Falling Into the Commodity TrapSubmitted by Hans van Nes on Mon, 09/06/2008 - 13:02
Talking to Marco Gianotten from Giarte, we discussed the rise and fall of various IT-players. In my opinion this has a lot to do with a company's ability to keep away from what I call the commodity trap.
It was Peter Drucker who said the two functions of a business are marketing and innovation (and everything else is cost) [Peter Drucker, Management, 1947 (sic!)]. In a nutshell he advocated that if a company is not able to market a message which attracts customers it will not be successful. Secondly if there is no innovation, competition will overtake you and the market will see you as a laggard.
When asked to give an opinion on a company from the IT-world, I narrowed these principles down to some measures that indicate where one is positioned in the commodity trap matrix. This matrix plots customer value in relation to organizational excellence, and results in the quadrants Commodity, Hype, Innovation and Margin. So far the theory, just two (simplified) examples to explain: Outsourcing and Enterprise Resource Planning (ERP).
If an outsourcing company can sell application management contracts based upon their "CMM-level 5" label, this is a Hype indicator. CMM stands for Capability Maturity Model, a measure for the maturity of an IT organization. Only if the company also can deliver this quality in practice it can become sustainable Margin. Why is this not enough for Innovation? Well, if multiple vendors offer equivalent things the price will be the selection factor, and this will kill all room for innovation.
An ERP vendor per definition sells a commodity item: "one solution fits all". In the early days moving to ERP had a certain Hype factor, but these days are gone. Margin is addressed by the vendors via trends like Software as a Service (SaaS) and preloaded business content. For arguments sake we could call the move to Service Oriented Architecture (SOA) as Innovation, but it will become Commodity itself soon. I don't see much real Innovation from the big ERP vendors at the moment other than the notion that they are opening up there platforms for collaboration with other technologies.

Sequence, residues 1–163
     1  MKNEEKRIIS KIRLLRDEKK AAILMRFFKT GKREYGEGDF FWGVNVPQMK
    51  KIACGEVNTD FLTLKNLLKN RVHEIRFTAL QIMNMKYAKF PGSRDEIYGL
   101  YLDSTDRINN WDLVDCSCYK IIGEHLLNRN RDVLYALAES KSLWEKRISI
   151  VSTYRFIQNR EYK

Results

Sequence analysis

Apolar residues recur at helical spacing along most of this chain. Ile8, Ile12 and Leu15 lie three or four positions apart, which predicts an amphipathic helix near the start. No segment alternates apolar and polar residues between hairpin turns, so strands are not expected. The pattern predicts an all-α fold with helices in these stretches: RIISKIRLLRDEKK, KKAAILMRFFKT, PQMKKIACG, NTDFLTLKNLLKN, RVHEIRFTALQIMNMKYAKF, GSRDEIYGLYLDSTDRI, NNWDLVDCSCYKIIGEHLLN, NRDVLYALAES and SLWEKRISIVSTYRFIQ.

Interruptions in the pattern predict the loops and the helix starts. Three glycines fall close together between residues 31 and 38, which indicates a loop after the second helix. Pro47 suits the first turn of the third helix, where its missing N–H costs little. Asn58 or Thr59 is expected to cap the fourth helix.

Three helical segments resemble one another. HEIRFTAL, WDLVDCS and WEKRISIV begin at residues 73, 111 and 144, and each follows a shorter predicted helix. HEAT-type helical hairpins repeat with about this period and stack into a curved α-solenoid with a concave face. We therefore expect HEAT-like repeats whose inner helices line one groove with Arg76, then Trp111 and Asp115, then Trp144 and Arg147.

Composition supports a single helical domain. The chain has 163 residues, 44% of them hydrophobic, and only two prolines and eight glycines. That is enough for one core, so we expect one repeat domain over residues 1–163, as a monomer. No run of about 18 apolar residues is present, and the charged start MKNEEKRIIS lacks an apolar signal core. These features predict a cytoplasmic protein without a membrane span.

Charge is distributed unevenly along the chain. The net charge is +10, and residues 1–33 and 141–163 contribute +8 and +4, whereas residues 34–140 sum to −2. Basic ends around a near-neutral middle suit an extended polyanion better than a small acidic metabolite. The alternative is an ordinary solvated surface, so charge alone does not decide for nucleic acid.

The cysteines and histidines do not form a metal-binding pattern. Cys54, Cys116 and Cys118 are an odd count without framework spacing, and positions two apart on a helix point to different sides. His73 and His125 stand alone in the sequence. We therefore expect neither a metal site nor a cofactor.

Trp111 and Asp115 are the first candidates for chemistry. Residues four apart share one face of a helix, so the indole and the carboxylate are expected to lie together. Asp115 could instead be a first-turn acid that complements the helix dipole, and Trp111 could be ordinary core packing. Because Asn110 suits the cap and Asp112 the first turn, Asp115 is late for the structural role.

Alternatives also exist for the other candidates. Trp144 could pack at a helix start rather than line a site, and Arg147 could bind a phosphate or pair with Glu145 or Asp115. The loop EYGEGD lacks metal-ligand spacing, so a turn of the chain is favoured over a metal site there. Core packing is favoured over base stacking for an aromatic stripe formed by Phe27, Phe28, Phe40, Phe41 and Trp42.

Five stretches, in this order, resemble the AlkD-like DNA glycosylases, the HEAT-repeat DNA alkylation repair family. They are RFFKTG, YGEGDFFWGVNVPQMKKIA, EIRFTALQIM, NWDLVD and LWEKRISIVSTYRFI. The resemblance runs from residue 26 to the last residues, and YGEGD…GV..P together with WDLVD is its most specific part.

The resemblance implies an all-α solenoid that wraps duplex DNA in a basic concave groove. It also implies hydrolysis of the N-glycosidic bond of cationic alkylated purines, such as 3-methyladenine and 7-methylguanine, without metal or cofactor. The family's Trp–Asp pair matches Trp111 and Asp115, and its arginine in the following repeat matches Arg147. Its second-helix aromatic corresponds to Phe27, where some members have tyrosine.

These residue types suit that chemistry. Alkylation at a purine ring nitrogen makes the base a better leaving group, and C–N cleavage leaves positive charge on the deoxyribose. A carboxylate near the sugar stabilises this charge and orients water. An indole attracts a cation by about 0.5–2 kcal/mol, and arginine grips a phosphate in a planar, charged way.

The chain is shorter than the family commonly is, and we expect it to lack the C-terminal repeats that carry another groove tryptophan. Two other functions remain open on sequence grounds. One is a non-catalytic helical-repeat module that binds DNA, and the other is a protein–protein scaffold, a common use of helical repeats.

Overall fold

Is striving for the Innovation quadrant a holy grail? Of course not. Markets and customer demands change. Economy of scale daily duals with customer intimacy and finding and organizing talent keeps every manager awake. The position of an organization in the quadrants is always relative to time and dimension. When a product can be marketed, sold and delivered successful, 95% of the organization should concentrate on bringing in the money that allows for innovation in the first place. Sustained margin business is very lucrative, also for the longer term. But keep in mind: Being in the postal business seemed a "business-for-eternity" not that long ago.
My advice: Every senior executive should at least every once in a while mirror if his or her organization has a balanced approach to keep away from the commodity trap.
As always, comments welcomed. Contact Hans van Nes at Results2Match.com.
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